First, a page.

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Published on 8 December 2009

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New health report exposes imminent risk of a stroke crisis in Europe

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Urgent coordinated action is needed to avoid the thousands of preventable strokes that leave many atrial fibrillation (AF) patients mentally and physically disabled or dead, every year. A report, How Can We Avoid a Stroke Crisis?, launched in the European Parliament today by Action for Stroke Prevention, a group of health experts from across Europe, proposes measures to tackle stroke in patients with AF, the most common, sustained abnormal heart rhythm and a major cause of stroke.

Their proposal, endorsed by 17 leading European medical professional and patient organisations, calls for EU policy makers and Member State governments to act before the increasing frequency of these strokes becomes a major public health crisis.

The Report warns of a stroke epidemic across Europe, if actions are not taken now to slow the rising tide of preventable strokes occurring every year.

Linda McAvan, Member of the European Parliament (MEP), commented: “It is important that government and healthcare policy makers take action to address the unmet medical needs in stroke prevention. I support the recommendations made in the Report by Action for Stroke Prevention, and believe that their implementation will contribute to the prevention of stroke in patients with AF and, in turn, reduce the dramatically increasing clinical, economic and social burden of stroke in Europe.”

Recommendations made by the Report include: improving patient education, AF diagnosis and stroke risk assessment, taking new approaches to prevention, facilitating the exchange of best practice between Member States, developing strategies to support adherence to guidelines, and the provision of equal and adequate administration of therapy for patients with AF.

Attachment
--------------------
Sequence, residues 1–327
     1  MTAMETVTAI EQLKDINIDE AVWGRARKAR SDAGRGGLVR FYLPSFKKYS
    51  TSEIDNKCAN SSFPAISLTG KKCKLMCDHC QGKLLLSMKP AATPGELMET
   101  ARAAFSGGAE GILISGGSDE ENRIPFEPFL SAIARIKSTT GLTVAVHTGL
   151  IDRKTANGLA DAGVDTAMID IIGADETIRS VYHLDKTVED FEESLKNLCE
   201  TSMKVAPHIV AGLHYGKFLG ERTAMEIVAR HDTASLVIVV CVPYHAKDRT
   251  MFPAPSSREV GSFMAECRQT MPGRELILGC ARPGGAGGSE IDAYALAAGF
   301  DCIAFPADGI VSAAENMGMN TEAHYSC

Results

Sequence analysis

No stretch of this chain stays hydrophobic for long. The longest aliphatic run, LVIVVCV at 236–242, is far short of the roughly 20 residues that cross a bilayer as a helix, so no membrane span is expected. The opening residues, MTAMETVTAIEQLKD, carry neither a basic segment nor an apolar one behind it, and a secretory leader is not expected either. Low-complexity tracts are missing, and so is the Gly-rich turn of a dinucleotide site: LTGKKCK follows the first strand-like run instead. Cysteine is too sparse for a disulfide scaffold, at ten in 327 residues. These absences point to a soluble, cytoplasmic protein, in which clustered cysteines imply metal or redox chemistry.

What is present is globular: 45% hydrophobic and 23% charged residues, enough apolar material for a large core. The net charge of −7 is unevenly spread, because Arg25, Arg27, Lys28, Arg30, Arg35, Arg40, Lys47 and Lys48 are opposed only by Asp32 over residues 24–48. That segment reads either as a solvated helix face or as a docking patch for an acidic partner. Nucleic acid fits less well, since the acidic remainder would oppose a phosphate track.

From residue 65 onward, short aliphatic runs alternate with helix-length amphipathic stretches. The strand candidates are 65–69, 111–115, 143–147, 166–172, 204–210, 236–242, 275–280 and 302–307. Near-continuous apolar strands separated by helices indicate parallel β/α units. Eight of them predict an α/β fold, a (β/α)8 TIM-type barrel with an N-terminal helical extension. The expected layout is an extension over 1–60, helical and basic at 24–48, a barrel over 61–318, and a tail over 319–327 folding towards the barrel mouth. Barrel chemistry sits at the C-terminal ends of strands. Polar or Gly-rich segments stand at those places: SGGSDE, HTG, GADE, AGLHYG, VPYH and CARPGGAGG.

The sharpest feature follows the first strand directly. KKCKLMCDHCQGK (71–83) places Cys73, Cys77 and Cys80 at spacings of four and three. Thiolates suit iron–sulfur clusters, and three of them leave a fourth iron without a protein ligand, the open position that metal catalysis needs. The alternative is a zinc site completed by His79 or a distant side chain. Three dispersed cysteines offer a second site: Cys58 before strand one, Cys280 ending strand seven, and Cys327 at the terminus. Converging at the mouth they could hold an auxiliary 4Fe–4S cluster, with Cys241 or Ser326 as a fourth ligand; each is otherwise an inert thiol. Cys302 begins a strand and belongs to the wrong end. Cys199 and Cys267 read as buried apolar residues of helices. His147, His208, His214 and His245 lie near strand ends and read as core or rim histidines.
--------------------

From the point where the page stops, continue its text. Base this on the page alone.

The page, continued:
Unmet medical need to prevent stroke in atrial fibrillation patients
“It is clear that there is an unmet medical need for stroke prevention in atrial fibrillation patients,” said Professor Gregory Lip, Professor of Cardiovascular Medicine, from the University of Birmingham Centre for Cardiovascular Sciences, City Hospital Birmingham, UK.

“The majority of such strokes are preventable but the under-diagnosis and poor management of AF patients, as well as suboptimal use of anticoagulation and side-effects of current treatments, mean that an unnecessary and heavy burden is placed on patients, their families and carers, as well as our healthcare systems.”

Stroke is the most common cardiovascular disorder after heart disease. Current trends predict that the number of strokes in the EU will rise from 1.1 million per year in 2000 to 1.5 million per year by 2025. Furthermore, AF related strokes are more severe, cause greater disability and have a worse outcome than strokes in patients without AF. People who have a stroke caused by AF are more likely to remain in hospital for longer, are less likely to be discharged to their home and are 50% more likely to remain disabled.

“The impact of the physical, emotional and cognitive disability on patients following a stroke can be considerable,” said Eve Knight, CEO, AntiCoagulation Europe.

“In turn, this can also have a profound impact on the quality of life for the carer and family, who can suffer emotional problems such as depression and anxiety.”

The impact of stroke also stretches our healthcare systems. The economic burden it creates accounts for 2-3% of total healthcare expenditure in the European Union6. Healthcare costs associated with stroke are higher for patients with AF than for patients without AF. AF is a strong independent risk factor for stroke and accounts for 15-20% of all ischaemic strokes (strokes caused by blood clots).

The number of people suffering from AF is around six million in Europe alone. People with AF are an important target population for reducing the overall burden of stroke, which has been identified by the Heart Health Charter and European Union policy as a key need in Europe.

 



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